New Zealand tightens gun laws further in response to mass shooting

Armed police officers stand guard outside the Christchurch District Court in New Zealand during a hearing against white supremacist Brenton Tarrant, who pleaded guilty to shooting dead 50 Muslims during the March 15, 2019 attack on two mosques. (AFP)
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Updated 18 June 2020

New Zealand tightens gun laws further in response to mass shooting

  • The tougher gun laws will take effect next week
  • New Zealand’s efforts on gun control have gained global praise

WELLINGTON: New Zealand tightened its gun laws on Thursday with a registry that it had promised after a gunman killed 51 Muslim worshippers last year in the country’s worst peace-time mass shooting.
This is New Zealand’s second set of gun reforms in the wake of the Christchurch massacre by a suspected white supremacist who murdered his victims with semi-automatic weapons.
Australian Brenton Tarrant has pleaded guilty over the attack and will be sentenced later this year.
The tougher gun laws will take effect next week following the passage of a bill through Parliament on Thursday.
The most significant change is the new firearms registry which license holders will be required to update as they buy or sell guns.
“The new law is designed to stop firearms falling into the wrong hands. It spells out for the first time that owning a firearm is a privilege, limited to responsible licensed owners,” Minister of Police Stuart Nash said in a statement.
Other changes include prohibiting high-risk firearms like short semi-automatic rifles, tighter rules for gun dealers, and reduced the length of firearms license from 10 to 5 years for first time license holders and those who had their license revoked or allowed it to expire.
The government had near-unanimous support in parliament last year when it passed a law banning military style semi-automatic firearms within weeks of the March 2019 attack.
The second round of changes passed on Thursday faced some resistance, with gun lobbyists and opposition leaders questioning the need for a gun registry.
New Zealand’s efforts on gun control have gained global praise, especially in the United States, where lawmakers in favor of gun control and activists have struggled to address gun violence.

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NATO says Greece and Turkey cancel military exercises

Updated 23 October 2020

NATO says Greece and Turkey cancel military exercises

  • “This is a very welcome step,” Stoltenberg said after a videoconference of NATO defense ministers
  • Turkey has deployed a gas exploration vessel under military escort into Greek waters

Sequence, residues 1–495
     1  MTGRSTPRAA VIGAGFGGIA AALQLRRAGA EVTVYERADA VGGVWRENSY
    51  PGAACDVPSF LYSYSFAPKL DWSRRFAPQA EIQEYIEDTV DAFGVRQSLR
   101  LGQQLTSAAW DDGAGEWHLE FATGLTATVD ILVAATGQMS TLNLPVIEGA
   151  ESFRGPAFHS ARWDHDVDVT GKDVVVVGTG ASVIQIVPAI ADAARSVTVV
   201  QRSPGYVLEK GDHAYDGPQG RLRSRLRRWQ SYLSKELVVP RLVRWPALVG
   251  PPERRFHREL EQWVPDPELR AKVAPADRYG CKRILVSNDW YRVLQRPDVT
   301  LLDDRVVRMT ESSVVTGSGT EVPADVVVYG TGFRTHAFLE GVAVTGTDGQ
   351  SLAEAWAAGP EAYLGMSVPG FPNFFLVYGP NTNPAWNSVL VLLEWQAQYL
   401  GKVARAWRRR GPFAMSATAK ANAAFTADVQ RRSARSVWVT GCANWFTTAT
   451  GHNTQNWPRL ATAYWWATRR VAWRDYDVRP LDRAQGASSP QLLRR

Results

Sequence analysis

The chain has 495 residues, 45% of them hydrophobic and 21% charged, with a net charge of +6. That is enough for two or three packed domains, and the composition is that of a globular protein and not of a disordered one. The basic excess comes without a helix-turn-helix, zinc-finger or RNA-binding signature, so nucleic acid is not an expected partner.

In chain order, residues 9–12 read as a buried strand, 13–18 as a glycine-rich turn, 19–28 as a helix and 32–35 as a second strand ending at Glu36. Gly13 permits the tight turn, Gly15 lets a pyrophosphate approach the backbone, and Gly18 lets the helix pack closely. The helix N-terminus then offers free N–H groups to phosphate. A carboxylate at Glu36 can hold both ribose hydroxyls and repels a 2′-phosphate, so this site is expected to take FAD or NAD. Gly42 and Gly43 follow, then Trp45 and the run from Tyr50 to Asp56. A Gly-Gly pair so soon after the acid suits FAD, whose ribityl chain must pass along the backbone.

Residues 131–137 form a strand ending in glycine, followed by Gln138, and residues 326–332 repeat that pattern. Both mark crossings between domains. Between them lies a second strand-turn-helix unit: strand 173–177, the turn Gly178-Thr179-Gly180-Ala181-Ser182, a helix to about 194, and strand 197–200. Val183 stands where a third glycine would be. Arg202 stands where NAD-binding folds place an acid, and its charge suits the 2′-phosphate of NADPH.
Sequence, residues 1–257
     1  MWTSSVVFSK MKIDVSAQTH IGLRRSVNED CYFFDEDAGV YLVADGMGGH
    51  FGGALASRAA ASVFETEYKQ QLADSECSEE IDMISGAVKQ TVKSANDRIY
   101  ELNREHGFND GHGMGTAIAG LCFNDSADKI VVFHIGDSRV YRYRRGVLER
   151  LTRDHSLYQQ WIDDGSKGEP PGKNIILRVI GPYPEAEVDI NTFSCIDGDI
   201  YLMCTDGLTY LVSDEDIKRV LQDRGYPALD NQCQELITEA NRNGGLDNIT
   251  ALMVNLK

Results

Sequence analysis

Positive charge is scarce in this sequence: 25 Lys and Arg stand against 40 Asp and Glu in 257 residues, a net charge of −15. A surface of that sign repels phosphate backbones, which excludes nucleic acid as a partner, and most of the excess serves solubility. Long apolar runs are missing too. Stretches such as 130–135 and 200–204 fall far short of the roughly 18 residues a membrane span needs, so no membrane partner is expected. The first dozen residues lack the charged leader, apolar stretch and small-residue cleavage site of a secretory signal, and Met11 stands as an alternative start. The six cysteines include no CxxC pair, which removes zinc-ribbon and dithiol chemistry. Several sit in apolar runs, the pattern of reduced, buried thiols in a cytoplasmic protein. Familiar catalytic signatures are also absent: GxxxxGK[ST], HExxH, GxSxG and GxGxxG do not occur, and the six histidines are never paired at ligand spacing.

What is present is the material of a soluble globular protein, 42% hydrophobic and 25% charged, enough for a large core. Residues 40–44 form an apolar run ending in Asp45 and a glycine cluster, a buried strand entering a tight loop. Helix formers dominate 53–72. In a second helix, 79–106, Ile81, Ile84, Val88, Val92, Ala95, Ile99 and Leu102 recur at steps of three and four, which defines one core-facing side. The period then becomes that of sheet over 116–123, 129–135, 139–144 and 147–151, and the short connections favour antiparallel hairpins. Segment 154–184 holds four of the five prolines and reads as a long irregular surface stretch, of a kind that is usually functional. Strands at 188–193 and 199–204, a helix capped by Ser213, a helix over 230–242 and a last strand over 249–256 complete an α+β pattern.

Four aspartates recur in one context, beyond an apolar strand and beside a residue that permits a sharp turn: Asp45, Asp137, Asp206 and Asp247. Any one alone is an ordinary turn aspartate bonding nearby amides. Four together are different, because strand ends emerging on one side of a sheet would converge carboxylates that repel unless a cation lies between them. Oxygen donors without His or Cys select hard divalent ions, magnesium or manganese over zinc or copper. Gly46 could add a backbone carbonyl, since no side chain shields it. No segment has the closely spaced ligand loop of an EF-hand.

BRUSSELS: Turkey and Greece have agreed to cancel rival military exercises that were to have been held next week on their respective national days, NATO’s Secretary-General Jens Stoltenberg said Friday.
The neighbors, while NATO members, are at loggerheads over energy drilling and maritime rights in the eastern Mediterranean and the alliance has set up a hotline to head off accidental clashes.
“This is a very welcome step,” Stoltenberg said after a videoconference of NATO defense ministers, including Greece’s Nikos Panagiotopoulos and Turkey’s Hulusi Akar.
“These are steps in the right direction, and it helps to reduce the risks for instance and accidents.”
Greece had been expected to conduct exercises on Wednesday October 28, its Oxi Day holiday, and Turkey on Thursday, celebrated there as Republic Day.
Turkey has deployed the Oruc Reis, a gas exploration vessel under military escort into Greek waters off the island of Kastellorizo, and Greek vessels are nearby.
Addressing a news conference after two days of talks on a variety of topics, Stoltenberg confirmed he had raised the situation with the Greek and Turkish ministers.
“I will say that we had a good and constructive talks and allies expressed a strong support for the NATO de-confliction mechanism,” Stoltenberg said.
“I welcome now the fact that we have been able to see some concrete steps in that direction with the cancelation of the two exercises.”
French Defense Minister Florence Parly also hailed the decisions to cancel the military exercises, stressing the need to “respect international law and restore stability in the region.”
Stoltenberg also welcomed Germany’s diplomatic mediation in the underlying dispute.
On Thursday, he had warned that — while NATO could help keep the rival militaries apart — it would be down to Ankara and Athens to open a dialogue to resolve their long-standing differences.